The supply of export grade cattle at saleyards across Australia for the first two weeks of November has fallen considerably year-on-year, according to Meat and Livestock Australia.
MLA says the drop in numbers can be partly attributed to the lack of demand and previous dry years, encouraging early offloads and resulting in a shortfall.
Recent scattered showers across NSW and Queensland has also encouraged producers to hold on to cattle.
Physical markets have registered a 17 per cent fall in grown steer throughput for the first two weeks of November year-on-year.
MLA says producers have been encouraged to hold onto their grown steers, or to turn them off earlier in the year as young cattle.
This has largely resulted in a lack of export demand and subdued prices – due to recessions and the high Aussie dollar.
As a result, MLA says export markets have been suffering, and processors are feeling the heat from the reduced demand and supply.
Consequently, processors have bought 18pc less grown steers compared with the same period last year, and the national Japan ox indicator has fallen 9pc year-on-year, to settle at 160¢/kg (live).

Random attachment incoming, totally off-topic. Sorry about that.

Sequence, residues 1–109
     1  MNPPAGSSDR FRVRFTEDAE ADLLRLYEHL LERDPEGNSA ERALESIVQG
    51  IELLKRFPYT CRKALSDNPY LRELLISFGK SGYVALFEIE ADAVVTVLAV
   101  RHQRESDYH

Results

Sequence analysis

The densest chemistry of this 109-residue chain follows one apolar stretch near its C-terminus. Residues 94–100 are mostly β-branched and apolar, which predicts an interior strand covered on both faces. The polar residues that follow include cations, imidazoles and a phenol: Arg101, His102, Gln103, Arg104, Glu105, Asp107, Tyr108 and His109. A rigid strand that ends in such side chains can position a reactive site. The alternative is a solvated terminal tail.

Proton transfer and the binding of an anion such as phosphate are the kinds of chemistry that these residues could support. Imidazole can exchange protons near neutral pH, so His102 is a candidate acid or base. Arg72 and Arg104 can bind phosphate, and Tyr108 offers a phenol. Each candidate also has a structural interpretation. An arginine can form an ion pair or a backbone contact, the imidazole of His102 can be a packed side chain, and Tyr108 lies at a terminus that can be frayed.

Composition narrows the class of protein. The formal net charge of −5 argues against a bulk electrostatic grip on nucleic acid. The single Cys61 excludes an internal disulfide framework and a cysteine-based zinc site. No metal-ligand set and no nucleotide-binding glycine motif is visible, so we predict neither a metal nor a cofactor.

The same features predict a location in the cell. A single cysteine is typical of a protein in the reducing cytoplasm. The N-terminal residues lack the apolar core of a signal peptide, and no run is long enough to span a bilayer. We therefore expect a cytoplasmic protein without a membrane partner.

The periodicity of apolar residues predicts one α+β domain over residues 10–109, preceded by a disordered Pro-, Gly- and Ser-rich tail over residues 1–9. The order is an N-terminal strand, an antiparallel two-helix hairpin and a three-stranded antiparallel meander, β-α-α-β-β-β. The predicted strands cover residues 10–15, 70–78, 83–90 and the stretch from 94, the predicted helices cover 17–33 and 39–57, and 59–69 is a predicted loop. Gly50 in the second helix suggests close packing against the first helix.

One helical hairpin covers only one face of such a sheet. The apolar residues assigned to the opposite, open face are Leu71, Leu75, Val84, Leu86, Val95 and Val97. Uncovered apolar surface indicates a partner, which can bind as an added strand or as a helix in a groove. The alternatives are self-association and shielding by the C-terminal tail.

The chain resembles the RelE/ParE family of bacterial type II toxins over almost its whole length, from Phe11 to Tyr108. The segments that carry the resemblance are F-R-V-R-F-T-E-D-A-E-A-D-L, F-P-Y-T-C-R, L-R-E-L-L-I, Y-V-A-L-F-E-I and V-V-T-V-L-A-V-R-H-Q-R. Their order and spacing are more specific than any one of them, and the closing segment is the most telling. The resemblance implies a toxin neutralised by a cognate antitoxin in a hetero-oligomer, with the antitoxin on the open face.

Increased turnoff of cattle throughout previous months, due to deteriorating seasons has also resulted in a shortfall in numbers towards the end of spring.
The competitive live export market has also managed to capture significant grown steer numbers, especially throughout Queensland, which has consequently reduced numbers in physical markets.
The the lack of international demand and high A$ have largely outweighed the impact of the tighter supply.
MLA reports that cow supply has also fallen 20pc on last year, with a 25pc drop in numbers to processors and an 10% fall in the number of dairy cows to market.
Export demand has waned and prices have fallen 13pc, to 117¢/kg year-on-year, encouraging producers to hold on.
Good rainfall in Victoria in recent months has also encouraged dairy farmers to hold onto cows.
Resilient demand for cows in the beginning of the year, as consumers moved towards manufactured beef coincided with dry seasons, and encouraged large numbers onto the market.
Like grown steers, cow supply is experiencing a shortfall in throughput.
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